Original languageEnglish (US)
Pages (from-to)439-455
Number of pages17
JournalInfectious Diseases and Therapy
Volume7
Issue number4
DOIs
StatePublished - Dec 1 2018

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Enterobacteriaceae Infections
Carbapenems
Randomized Controlled Trials
Safety
Confidence Intervals
Therapeutics
Mortality
Enterobacteriaceae
Polymyxins
Intraabdominal Infections
Bacterial Pneumonia
Ventilator-Associated Pneumonia
Pyelonephritis
Aminoglycosides
Vulnerable Populations
Bacteremia
Urinary Tract Infections
Population

Keywords

  • Best available therapy
  • Carbapenem-resistant Enterobacteriaceae
  • Meropenem–vaborbactam
  • Randomized clinical trial
  • TANGO II

ASJC Scopus subject areas

  • Microbiology (medical)
  • Infectious Diseases

Cite this

Effect and Safety of Meropenem–Vaborbactam versus Best-Available Therapy in Patients with Carbapenem-Resistant Enterobacteriaceae Infections : The TANGO II Randomized Clinical Trial. / Wunderink, Richard G.; Giamarellos-Bourboulis, Evangelos J.; Rahav, Galia; Mathers, Amy J.; Bassetti, Matteo; Vazquez, Jose Antonio; Cornely, Oliver A.; Solomkin, Joseph; Bhowmick, Tanaya; Bishara, Jihad; Daikos, George L.; Felton, Tim; Furst, Maria Jose Lopez; Kwak, Eun Jeong; Menichetti, Francesco; Oren, Ilana; Alexander, Elizabeth L.; Griffith, David; Lomovskaya, Olga; Loutit, Jeffery; Zhang, Shu; Dudley, Michael N.; Kaye, Keith S.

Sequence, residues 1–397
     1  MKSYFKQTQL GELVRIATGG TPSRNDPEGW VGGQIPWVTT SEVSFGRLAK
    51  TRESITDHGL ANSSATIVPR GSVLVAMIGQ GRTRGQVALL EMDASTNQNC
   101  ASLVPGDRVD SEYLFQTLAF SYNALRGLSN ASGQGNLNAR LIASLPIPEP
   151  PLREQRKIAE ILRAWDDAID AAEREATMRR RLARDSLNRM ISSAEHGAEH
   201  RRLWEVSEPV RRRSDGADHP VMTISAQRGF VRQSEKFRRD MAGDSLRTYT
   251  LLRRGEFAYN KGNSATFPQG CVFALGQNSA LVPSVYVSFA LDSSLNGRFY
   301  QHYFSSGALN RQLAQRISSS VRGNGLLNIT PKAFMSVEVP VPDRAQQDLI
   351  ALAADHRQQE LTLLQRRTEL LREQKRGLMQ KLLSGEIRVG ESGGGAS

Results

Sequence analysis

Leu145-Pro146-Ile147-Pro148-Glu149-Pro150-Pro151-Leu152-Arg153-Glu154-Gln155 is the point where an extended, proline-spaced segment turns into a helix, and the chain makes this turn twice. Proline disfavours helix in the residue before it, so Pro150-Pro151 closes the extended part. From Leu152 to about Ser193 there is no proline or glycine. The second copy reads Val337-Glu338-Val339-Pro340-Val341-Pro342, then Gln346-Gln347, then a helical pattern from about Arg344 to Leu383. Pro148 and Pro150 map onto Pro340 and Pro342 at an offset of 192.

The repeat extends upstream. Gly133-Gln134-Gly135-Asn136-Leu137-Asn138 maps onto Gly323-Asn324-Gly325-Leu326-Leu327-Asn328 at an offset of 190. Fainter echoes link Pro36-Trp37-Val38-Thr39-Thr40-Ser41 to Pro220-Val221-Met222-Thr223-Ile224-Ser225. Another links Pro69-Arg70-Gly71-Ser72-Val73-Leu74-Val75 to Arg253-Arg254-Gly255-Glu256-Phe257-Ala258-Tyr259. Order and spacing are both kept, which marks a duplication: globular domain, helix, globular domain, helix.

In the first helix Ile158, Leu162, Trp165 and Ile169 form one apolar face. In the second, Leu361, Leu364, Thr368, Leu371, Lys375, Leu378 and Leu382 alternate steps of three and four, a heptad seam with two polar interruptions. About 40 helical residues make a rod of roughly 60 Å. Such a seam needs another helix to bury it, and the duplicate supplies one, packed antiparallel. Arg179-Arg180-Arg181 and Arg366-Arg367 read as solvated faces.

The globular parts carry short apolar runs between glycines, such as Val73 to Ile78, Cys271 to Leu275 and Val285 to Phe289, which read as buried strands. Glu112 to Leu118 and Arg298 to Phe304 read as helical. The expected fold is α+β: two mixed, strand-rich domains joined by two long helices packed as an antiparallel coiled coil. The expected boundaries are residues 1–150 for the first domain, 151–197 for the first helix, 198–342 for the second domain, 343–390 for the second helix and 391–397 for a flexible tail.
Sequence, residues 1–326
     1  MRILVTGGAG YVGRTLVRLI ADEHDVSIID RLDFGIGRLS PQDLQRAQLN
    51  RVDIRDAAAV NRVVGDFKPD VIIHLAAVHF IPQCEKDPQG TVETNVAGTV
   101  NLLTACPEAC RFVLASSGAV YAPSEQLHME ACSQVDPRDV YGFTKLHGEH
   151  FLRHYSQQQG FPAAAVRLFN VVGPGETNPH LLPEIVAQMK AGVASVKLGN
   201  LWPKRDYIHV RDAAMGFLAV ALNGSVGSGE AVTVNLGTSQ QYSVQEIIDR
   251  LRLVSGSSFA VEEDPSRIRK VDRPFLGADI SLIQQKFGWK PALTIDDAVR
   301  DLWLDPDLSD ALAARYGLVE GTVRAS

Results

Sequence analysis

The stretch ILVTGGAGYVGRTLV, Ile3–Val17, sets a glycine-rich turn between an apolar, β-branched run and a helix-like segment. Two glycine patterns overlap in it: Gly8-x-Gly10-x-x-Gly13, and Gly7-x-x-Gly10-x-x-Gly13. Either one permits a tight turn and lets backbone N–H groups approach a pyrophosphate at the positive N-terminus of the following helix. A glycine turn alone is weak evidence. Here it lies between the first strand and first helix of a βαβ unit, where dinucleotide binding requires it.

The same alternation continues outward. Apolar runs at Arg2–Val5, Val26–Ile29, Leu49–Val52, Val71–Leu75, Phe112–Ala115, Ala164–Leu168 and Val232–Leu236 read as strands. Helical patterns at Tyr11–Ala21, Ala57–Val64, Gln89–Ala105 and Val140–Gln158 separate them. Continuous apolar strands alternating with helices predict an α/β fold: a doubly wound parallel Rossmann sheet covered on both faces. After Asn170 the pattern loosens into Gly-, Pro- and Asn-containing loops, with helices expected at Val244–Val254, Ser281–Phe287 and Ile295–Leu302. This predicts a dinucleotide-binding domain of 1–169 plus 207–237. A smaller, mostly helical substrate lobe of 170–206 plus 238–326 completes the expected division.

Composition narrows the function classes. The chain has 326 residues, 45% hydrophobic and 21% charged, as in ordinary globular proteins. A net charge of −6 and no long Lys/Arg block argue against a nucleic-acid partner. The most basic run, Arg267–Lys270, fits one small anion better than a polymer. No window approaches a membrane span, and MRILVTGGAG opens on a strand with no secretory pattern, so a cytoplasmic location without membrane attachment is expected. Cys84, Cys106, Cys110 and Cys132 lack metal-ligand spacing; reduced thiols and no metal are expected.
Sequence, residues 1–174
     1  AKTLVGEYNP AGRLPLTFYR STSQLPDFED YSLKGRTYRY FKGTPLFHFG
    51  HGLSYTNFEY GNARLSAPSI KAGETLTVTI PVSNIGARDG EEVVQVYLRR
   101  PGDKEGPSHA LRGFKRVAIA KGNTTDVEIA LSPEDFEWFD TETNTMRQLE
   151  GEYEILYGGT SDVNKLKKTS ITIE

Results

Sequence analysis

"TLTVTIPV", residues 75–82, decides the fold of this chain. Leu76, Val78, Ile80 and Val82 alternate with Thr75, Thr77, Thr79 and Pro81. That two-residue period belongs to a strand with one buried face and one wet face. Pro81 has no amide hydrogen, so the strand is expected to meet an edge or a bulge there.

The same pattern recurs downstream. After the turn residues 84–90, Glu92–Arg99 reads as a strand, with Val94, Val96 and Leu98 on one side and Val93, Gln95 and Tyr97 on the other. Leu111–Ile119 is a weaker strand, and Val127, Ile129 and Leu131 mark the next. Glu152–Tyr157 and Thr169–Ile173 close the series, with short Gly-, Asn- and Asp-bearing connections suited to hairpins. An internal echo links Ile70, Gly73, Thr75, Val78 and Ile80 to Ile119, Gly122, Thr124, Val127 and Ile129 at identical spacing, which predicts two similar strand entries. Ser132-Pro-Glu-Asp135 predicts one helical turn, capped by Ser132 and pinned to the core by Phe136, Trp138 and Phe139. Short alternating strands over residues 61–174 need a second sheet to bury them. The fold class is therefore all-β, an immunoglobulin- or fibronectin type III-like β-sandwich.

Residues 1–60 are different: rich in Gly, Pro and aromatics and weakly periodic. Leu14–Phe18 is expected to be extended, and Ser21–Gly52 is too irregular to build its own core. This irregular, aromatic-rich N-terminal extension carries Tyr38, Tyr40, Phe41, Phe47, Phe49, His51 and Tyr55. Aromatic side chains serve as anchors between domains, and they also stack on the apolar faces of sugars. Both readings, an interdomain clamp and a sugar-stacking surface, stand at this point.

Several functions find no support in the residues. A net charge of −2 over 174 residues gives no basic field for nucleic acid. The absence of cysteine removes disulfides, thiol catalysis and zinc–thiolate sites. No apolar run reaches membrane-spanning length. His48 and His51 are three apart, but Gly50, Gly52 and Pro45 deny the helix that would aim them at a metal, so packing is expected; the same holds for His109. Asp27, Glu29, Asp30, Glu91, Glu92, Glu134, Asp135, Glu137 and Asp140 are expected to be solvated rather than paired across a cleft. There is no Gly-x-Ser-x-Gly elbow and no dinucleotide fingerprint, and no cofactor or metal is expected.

In: Infectious Diseases and Therapy, Vol. 7, No. 4, 01.12.2018, p. 439-455.

Research output: Contribution to journalArticle

Wunderink, RG, Giamarellos-Bourboulis, EJ, Rahav, G, Mathers, AJ, Bassetti, M, Vazquez, JA, Cornely, OA, Solomkin, J, Bhowmick, T, Bishara, J, Daikos, GL, Felton, T, Furst, MJL, Kwak, EJ, Menichetti, F, Oren, I, Alexander, EL, Griffith, D, Lomovskaya, O, Loutit, J, Zhang, S, Dudley, MN & Kaye, KS 2018, 'Effect and Safety of Meropenem–Vaborbactam versus Best-Available Therapy in Patients with Carbapenem-Resistant Enterobacteriaceae Infections: The TANGO II Randomized Clinical Trial', Infectious Diseases and Therapy, vol. 7, no. 4, pp. 439-455. https://doi.org/10.1007/s40121-018-0214-1